Anglican Samizdat

February 26, 2009

According to the Anglican Church of Canada, Jesus was a racist

The ACoC has published some Lenten Meditations.

Here is one of them:

“… a Canaanite woman from that region came out and started shouting, ‘Have mercy on me, Lord, Son of David; my daughter is tormented by a demon.’ He answered, ‘I was sent only to the lost sheep of the houseof Israel.’ But she came and knelt before him, saying, ‘Lord, help me.’ He answered, ‘It is not fair to take the children’s food and throw it to the dogs.’ She said, ‘Yes, Lord, yet even the dogs eat the crumbs that fall from their master’s table.’ ” – Matthew 14:22-27

This not a story for people who need to think that Jesus always had it together, because it looks like we’ve caught him being mean to a lady because of her ethnicity. At first, he ignores her cries. Then he refuses to help her and compares her people to dogs.

But she challenges his prejudice. And he listens to her challenge and grows in response to it. He ends up healing her daughter. What we may have here is an important moment of self-discovery in Jesus’ life, an enlargement of what it will mean to be who he was. Maybe we are seeing Jesus understand his universality for the first time.

This meditation makes a number of important points:

Jesus did not “always have it together”. This is modern vernacular for saying Jesus was not sinless.

Jesus was prejudiced against a woman because of her race. The woman in question points out his error, Jesus becomes enlightened and understands his “universality for the first time.” Thus, Jesus was not God, made mistakes and had to be set straight. The reference to understanding his universality is undoubtedly an attempt to point out that, once the woman corrected him, Jesus came to the light as proscribed by 21st Century liberalism: inclusivity is all encompassing, paramount and – well, god.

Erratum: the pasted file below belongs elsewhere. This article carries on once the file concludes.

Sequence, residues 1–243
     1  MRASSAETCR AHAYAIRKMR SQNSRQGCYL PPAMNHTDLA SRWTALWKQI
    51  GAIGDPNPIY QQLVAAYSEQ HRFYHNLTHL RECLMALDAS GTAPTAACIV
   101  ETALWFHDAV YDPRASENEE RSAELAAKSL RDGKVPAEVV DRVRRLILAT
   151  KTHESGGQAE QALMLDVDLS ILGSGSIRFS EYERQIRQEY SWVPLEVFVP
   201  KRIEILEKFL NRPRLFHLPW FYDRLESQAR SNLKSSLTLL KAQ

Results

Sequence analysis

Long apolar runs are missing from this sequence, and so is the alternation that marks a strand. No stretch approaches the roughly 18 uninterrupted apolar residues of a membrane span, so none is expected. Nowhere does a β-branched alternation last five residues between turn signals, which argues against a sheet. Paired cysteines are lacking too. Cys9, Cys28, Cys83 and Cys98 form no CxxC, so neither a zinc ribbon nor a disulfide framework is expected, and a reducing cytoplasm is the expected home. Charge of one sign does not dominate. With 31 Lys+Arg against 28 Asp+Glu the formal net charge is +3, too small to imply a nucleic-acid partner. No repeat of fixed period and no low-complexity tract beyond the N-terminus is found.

This is an officially sanctioned document from the ACoC: it denies both Jesus’ divinity and the fact that he is sinless. The ACoC seems to be going out of its way to present itself as a non-Christian organisation; I think it has succeeded.



  1. […] woman in Matthew’s Gospel. The ACoC was long ago taken over by politically correct bores but, as Anglican Samizdat notes, this “reflection” turns Jesus into a sinner – in Christian terms, a […]

    Pingback by Jesus was a reformed racist, says Anglican Church of Canada | News in brief — February 26, 2009 @ 8:42 pm

  2. […] passage referred to is Matthew 14:22-27. Anglican Sazisdat is not happy: Thus, Jesus was not God, made mistakes and had to be set straight. The reference to understanding […]

    Pingback by That Racist Jesus! « DaTechguy’s Blog — February 27, 2009 @ 7:12 am

  3. Congrats on being cited and linked by Damian Thompson in the Telegraph:

    Next: A link from Anglican Journal!!

    Comment by Scott Gilbreath — February 27, 2009 @ 12:58 pm

  4. Thanks Scott. If I do get a link from the Journal, I’ll have to stop being so pleasant and conciliatory.

    Comment by David — February 27, 2009 @ 1:07 pm

  5. Oh my, I’ll be grabbing a coffee and stiing around to watch if that happens 🙂

    Comment by Peter — February 27, 2009 @ 1:17 pm

  6. I find the Lenten Reflection to be deeply offensive and not something worthy of an established church. Grace and peace with prayers always…

    Comment by Bill — February 27, 2009 @ 2:41 pm

  7. Excerpted from Pasadena Sub Rosa website

    First of all, the above scriptural citation is in error. The above verses are not from Matthew 14:22-27 but found in Matthew 21-28.

    Here is the entire parable with contextual commentary below:

    Matthew 15: 21-18 – The Faith of the Canaanite Woman
    21. Leaving that place, Jesus withdrew to the region ot Tyre and Sidon.
    22. A Canaanite woman from that vicinity came to him, crying out, “Lord, Son of David, have mercy on me!. My daughter is suffering terribly from demon possession.
    23. Jesus did not answer a word. So his disciples came to him and urged him ‘Send her away, for she keep crying out after us.’
    24. He answered: ‘I was sent only to the lost sheep of Israel.’
    25. The woman came and knelt before him. ‘Lord help me!’ she said.